Red Dragonfruit

Now that I’m in Thailand, I’m eating fruit for breakfast every day. Many of these fruits are unique to Southeast Asia and other tropical climates so I thought it might be interesting to blog about such lesser-known fruits.
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Let’s start with my first choice for breakfast: dragonfruit.
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Dragonfruit is one of the most beautiful fruits I have ever seen. Just look at the pink and green skin with its scale-like protuberances (and wait till you cut it open!). It is a heavy, juicy fruit shaped like a mini nerf football. Its skin peels off easily with no need for a knife, which makes it easy to eat on the go but I’ve cut it open here so you can see the gorgeous, speckled interior. Dragonfruit comes in two common varieties, white and red. The white, though visually stunning, is not particularly flavorful.  It is most notable for its crisp and juicy texture and crunchy little black seeds—almost like a bland kiwi. A squirt of lime juice will liven it up, though. Here’s a tip I discovered when I was staying in Mui Ne, Vietnam (the epicenter of all things dragonfruit): pop the white dragonfruit in the fridge and eat it cold for a refreshing treat that will cut through a hot sticky climate.
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The red dragonfruit, in contrast, has a sweeter, more concentrated flavor. It is as juicy as the white dragonfruit, but is more perfumed, with a pure and mild sweetness uncut by any tartness. Like beets, it stains your hands red when you eat it, and be warned, it will color your, um, output (?) as well. I had a few apprehensive moments until I figured this out :)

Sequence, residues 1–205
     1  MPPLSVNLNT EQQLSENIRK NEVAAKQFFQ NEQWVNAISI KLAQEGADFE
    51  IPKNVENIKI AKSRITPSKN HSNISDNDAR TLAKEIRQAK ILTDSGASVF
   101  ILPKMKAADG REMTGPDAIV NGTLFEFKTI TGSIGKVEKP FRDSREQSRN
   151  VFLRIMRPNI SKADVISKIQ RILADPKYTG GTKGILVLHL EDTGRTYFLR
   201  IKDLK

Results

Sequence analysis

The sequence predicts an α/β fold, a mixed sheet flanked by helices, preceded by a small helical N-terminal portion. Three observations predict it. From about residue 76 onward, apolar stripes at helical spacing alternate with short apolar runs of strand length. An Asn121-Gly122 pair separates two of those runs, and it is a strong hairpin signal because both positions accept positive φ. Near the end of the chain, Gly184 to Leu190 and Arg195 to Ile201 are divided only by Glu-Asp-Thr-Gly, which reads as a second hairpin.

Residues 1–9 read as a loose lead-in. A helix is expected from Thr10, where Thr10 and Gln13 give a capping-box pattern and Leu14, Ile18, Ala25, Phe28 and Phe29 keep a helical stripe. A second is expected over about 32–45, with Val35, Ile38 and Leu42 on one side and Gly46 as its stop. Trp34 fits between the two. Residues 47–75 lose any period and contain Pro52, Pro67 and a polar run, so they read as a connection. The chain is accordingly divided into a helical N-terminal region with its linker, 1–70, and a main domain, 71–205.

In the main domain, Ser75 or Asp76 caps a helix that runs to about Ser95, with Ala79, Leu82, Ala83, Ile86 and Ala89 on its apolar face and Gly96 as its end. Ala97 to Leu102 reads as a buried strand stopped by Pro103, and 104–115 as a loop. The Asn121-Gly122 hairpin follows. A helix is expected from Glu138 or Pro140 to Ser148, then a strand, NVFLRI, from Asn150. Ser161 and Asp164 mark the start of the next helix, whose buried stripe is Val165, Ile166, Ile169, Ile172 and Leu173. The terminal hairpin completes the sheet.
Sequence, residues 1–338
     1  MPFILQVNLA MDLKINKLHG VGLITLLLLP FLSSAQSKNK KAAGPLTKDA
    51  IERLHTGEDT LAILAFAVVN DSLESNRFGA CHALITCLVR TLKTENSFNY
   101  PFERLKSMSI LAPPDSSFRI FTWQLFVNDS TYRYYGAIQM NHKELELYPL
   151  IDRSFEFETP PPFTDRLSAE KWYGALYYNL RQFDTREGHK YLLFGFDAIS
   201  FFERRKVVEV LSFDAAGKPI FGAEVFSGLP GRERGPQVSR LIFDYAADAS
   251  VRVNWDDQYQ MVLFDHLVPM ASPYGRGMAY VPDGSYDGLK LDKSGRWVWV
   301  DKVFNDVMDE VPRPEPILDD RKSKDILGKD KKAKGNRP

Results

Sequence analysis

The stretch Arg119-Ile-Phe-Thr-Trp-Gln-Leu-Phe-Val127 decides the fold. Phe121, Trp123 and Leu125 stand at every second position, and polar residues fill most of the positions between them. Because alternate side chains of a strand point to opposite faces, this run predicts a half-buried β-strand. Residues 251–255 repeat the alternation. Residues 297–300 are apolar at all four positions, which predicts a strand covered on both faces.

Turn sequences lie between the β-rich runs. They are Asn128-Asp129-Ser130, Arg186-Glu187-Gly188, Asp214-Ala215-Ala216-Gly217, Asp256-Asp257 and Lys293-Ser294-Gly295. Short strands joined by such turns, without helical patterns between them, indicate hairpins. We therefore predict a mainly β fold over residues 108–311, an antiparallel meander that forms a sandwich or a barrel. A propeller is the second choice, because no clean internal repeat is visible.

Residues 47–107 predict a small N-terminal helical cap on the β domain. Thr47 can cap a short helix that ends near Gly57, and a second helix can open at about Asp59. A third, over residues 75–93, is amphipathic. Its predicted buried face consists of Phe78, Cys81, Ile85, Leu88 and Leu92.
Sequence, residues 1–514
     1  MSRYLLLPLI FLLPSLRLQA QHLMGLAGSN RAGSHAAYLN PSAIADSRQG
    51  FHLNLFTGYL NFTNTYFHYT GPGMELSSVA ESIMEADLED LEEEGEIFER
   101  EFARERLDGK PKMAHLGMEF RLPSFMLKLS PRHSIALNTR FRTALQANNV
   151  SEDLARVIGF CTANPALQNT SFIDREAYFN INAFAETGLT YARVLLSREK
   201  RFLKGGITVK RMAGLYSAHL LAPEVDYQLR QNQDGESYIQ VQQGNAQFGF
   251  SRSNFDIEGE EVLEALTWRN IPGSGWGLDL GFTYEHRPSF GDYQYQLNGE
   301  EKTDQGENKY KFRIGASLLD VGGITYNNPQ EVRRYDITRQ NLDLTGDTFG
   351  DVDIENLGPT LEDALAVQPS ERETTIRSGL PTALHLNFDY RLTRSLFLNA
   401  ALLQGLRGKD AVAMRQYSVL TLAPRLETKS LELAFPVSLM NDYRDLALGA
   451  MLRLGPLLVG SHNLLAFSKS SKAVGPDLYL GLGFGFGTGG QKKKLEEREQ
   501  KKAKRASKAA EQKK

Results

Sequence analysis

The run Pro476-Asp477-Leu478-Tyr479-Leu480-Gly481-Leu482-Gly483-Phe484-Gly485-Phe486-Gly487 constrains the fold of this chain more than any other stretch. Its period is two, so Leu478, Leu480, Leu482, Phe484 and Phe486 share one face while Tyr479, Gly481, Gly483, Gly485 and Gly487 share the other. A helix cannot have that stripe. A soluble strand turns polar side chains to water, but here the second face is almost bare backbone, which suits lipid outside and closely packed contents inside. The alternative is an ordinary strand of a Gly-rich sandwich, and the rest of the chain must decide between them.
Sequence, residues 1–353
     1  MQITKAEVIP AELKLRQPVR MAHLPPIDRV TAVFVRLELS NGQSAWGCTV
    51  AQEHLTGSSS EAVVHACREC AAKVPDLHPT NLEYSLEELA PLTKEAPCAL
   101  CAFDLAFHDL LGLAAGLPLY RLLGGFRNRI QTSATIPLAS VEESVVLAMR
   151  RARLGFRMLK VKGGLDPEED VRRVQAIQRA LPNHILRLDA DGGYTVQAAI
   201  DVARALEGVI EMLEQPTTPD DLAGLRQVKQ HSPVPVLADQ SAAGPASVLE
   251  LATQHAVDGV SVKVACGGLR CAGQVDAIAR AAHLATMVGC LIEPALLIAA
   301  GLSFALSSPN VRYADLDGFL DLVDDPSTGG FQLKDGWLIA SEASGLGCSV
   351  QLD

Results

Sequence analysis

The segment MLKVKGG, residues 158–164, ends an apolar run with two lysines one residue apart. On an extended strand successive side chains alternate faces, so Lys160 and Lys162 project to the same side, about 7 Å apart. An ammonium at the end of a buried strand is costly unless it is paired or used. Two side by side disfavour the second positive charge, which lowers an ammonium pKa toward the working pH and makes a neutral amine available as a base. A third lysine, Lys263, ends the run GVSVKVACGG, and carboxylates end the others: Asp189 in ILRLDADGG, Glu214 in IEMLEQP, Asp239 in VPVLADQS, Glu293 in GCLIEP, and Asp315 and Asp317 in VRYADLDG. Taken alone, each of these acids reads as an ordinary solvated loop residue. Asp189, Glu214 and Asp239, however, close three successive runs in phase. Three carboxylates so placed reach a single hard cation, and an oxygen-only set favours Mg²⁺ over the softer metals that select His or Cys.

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See how easily the peel separates from the fruit?
I’ve read that some people are trying to cultivate the dragonfruit more widely, but there are some inherent difficulties with this. The dragonfruit is a night-blooming cactus which is pollinated by a type of bat native to South and Central America as well as Southeast Asia but cannot be found in many other places. So if you see a dragonfruit in the U.S. or in Europe it will likely be very expensive as it’s either been shipped a long way or hand-pollinated in a boutique orchard. Therefore, I would recommend giving it a pass unless you’re desperate to try it.

1 comment:

  1. ramblings:
    thanks for your post.
    didn't know about peeling it. easy.
    bought one at international market. cost about $3. it was okay. expected more taste because it looks so beautiful. could be that it lost taste traveling so far.
    not sure if i could eat a bunch at one time. should be good in mixed fruit salad but would turn everything red.
    bet there is some good medicinal value.